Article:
Growing dark or characterized by darkness. Stanza 3 … At once a voice arose among The bleak twigs overhead In a full-hearted evensong Of joy illimited; An aged thrush, frail, gaunt, and small, In blast-beruffled plume, Had chosen thus to fling his soul Upon the growing gloom. In the winter and frost everything is dry and lifeless. The poem is about the death of hope in the nineteenth century for having lost the faith in no other benevolent force. Hopeful thoughts and cheer filled the atmosphere.
A Short Analysis of Thomas Hardy’s ‘The Darkling Thrush’
The corpse of the old century never gives way to the birth of the new. The poet was unable to understand the ecstasy of the bird, however, the bird was successful in lifting the poet's mood from a melancholic state to a joyful state. There is nothing in the environment to cheer the poet up. Like the poet, we can only wonder, keep our hearts open and just be glad that there is a reason to be happy, after all. The last date is today's date — the date you are citing the material. From dreary and gloomy, there is hope and cheer.
Hardy seems to subject the Victorian age to sharp scrutiny, analysing its developments and discoveries in an indirect but suggestive way. Theme is the lesson about life or statement about human nature that the poem expresses. The citation above will include either 2 or 3 dates. The narrator speaks of a frost-bitten landscape, grey and lifeless, and how it makes him feel miserable and depressed. It catches the speaker by surprise. Written in December 1900, the poem reflects on the end of the 19th century and the state of Western civilization.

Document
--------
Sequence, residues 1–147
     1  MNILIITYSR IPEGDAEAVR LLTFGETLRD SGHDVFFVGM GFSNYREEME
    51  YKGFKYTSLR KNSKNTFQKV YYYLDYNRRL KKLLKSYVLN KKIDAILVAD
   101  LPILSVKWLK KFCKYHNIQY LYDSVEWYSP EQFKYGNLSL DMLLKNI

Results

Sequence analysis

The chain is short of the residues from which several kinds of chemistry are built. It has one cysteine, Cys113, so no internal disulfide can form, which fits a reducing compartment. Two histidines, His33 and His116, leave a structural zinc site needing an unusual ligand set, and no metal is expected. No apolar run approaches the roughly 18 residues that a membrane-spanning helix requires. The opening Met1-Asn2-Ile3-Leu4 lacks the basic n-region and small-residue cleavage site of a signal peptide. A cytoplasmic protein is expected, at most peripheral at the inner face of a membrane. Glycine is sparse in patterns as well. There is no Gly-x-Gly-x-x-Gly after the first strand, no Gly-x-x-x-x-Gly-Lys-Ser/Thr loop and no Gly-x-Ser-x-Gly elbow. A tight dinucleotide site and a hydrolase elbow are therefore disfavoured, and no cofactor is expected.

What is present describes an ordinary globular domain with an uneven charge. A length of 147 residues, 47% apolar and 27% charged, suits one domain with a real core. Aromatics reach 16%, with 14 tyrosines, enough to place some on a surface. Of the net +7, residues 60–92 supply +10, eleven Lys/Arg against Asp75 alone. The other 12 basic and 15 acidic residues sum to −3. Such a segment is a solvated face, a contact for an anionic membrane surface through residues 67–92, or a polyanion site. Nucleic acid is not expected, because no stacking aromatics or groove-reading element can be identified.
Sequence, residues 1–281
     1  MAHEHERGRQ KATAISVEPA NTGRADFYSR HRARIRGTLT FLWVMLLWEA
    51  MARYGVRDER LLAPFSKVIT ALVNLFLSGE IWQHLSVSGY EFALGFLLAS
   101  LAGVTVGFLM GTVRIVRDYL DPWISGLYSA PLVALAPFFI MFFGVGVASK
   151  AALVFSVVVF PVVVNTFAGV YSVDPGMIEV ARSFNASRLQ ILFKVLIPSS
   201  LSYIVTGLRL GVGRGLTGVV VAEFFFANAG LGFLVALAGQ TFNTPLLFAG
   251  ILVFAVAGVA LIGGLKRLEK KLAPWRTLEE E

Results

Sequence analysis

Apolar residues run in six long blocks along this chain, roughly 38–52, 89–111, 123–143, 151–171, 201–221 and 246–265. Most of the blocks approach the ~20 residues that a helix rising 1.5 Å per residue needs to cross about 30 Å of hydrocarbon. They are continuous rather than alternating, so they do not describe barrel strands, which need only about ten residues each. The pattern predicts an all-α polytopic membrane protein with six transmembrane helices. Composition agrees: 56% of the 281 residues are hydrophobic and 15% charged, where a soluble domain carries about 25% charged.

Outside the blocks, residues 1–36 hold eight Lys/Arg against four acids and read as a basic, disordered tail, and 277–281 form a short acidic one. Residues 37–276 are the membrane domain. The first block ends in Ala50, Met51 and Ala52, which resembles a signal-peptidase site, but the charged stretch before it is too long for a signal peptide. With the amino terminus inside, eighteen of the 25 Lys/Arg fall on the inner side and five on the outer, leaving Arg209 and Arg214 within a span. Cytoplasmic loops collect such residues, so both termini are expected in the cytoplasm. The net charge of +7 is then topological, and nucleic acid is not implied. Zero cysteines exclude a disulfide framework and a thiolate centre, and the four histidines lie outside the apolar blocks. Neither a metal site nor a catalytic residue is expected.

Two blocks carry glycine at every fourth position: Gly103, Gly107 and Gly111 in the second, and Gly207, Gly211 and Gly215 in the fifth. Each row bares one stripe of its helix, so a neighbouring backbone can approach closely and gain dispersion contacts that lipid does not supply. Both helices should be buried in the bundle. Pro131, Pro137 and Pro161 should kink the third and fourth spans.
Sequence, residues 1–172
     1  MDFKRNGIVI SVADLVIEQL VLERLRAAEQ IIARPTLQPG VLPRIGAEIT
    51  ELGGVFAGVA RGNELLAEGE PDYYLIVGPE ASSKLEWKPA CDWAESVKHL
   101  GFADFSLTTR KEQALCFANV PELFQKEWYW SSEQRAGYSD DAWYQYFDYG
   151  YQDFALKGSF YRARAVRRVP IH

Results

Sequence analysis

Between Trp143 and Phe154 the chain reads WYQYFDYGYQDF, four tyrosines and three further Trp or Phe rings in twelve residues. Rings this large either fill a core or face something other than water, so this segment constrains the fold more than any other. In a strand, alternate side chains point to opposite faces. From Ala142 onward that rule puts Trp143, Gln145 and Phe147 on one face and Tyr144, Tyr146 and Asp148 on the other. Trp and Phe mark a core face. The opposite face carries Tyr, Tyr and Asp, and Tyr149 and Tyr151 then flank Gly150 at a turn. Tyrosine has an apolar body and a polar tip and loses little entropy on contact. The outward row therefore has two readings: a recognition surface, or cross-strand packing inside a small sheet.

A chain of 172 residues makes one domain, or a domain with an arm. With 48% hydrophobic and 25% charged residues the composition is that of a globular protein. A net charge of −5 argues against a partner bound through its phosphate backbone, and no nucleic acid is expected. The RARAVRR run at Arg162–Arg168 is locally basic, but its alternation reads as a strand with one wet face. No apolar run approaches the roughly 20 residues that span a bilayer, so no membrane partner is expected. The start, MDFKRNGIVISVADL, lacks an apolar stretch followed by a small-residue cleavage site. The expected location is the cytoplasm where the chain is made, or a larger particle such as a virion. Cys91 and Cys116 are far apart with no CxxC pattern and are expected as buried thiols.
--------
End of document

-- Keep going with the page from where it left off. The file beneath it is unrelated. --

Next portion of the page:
But every ending is also a beginning of some sort, a limit marking the end of one thing and the start of another. The poet looks out at the wintry landscape, which appears to him to be the corpse of the previous century with its land barren and shrunken. British writer Rudyard Kipling referred to this responsibility as "the white man's burden," meaning that it was the God-given duty of the British to civilize and Christianize those people whom the British assumed were incapable of governing themselves. Winter in England is harsh. Answer 'The Darkling Thrush' was published by the end of the nineteenth century and time has a great significance with regards to the background of the poem.
THE SIGNIFICANCE OF "DARKLING" IN HARDY'S "THE DARKLING THRUSH" on JSTOR
Isolation and loneliness are central causes of depression and despair, which abound in the poem - The Darkling Thrush. The speaker leans over a gate that stood amidst shrubs and plants. The citation above will include either 2 or 3 dates. What makes a poem satire? The citation above will include either 2 or 3 dates. At once a voice arose among The bleak twigs overhead In a full-hearted evensong Of joy illimited; An aged thrush, frail, gaunt, and small, In blast-beruffled plume, Had chosen thus to fling his soul Upon the growing gloom. In such desolate winter landscape, there was a thrush who sang of hope, of a new beginning.
The thrush can be taken as a mirror image of Hardy, the narrator himself, gloomy dull, tired and hopeless. Poems in the section "War Poems," for example, deal primarily with the Boer War. The last date is today's date — the date you are citing the material. England controlled a sizeable portion of the world's land, including India large swaths of Africa and China Australia, and Canada. The theme of hope is introduced with the appearance of a songbird. Cite this page as follows: "The Darkling Thrush - Forms and Devices" Critical Guide to Poetry for Students Ed. The poem marks the end of a year, the end of a century and looking ahead for the next century with both skepticism and hope.